This meta-analysis of 29 case-control studies compared the efficacy and safety of neuroendoscopic and microscopic transsphenoidal resection for the treatment of pituitary tumors. The results showed that in terms of clinical efficacy, there was no statistically significant difference in the rates of tumor total resection, hormone over-secretion, or visual improvement between the two surgical methods. In terms of safety, neuroendoscopic transsphenoidal surgery could significantly reduce the postoperative incidence of DI, although total complications, CSF leakage, epistaxis, meningitis, and other complications did not differ significantly between the two methods.
Although the resection rates of the two techniques did not show a significant difference, the ease of operation of the endoscope is an advantage in more complex operations. The use of an angled endoscope and its large range of movement can facilitate the removal of tumors that cannot be reached using the traditional transsphenoidal approach. Second, due to its flexibility, the endoscope can be inserted into the resected tumor cavity at the end of the operation to look for residual tumor, which makes intraoperative magnetic resonance imaging unnecessary. For large tumors that may be accompanied by CSF leakage, the use of an endoscope offers the advantage of a panoramic field of view.
The postoperative recovery of vision in patients with pituitary tumors is affected by factors including the age of onset, the preoperative degree of visual field defect, tumor size, and other factors. Following surgery, the vision of most patients is improved to varying degrees. However, there is no evidence that the choice of surgical method can affect postoperative recovery of vision, and our results cannot prove this.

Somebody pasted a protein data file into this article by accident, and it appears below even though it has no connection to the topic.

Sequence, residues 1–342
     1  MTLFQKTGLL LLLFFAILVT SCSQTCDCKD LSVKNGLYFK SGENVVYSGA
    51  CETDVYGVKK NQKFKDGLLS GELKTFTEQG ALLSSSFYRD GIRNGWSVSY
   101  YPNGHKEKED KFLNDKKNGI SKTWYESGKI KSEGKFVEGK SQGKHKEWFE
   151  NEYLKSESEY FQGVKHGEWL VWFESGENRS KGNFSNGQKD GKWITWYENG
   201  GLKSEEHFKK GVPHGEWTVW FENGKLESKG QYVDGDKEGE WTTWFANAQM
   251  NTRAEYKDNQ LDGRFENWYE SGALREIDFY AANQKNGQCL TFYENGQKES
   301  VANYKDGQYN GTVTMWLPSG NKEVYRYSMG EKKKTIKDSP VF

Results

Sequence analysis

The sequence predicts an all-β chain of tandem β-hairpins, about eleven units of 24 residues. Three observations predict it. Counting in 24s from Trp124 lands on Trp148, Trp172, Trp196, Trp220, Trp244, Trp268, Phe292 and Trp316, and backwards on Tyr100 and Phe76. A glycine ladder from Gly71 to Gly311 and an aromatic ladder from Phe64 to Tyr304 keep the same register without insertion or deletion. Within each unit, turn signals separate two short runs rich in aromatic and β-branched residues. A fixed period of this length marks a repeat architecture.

Postoperative DI is transient in most cases, and few patients develop permanent DI. The occurrence of DI is affected by the precision of the surgeon. The neuroendoscopic transsphenoidal approach can reduce the incidence of DI, which may be related to the fact that neuroendoscopy can provide a better operative field of view.
CSF leakage is a common postoperative complication. The incidence of CSF leakage for neuroendoscopy and microscopy is 5–7% and 6.34–8%, respectively. Neuroendoscopy allows the diseased tissue and its surrounding structures, as well as the blind corners of the visual field that cannot be seen under a microscope, to be clearly observed. Therefore, the incidence of postoperative CSF leakage with a neuroendoscope is lower than that with a microscope. However, our results showed no significant difference in the incidence of postoperative CSF fistula between the neuroendoscopic and microscopic surgery groups. There may be three reasons for this: First, the studies we included were all case-control studies with a relatively low level of evidence. Secondly, the number of patients was insufficient. Thirdly, the incidence of postoperative CSF leakage was not significantly affected by the surgical method adopted. This result still needs to be verified by more high-quality large-sample randomized controlled studies.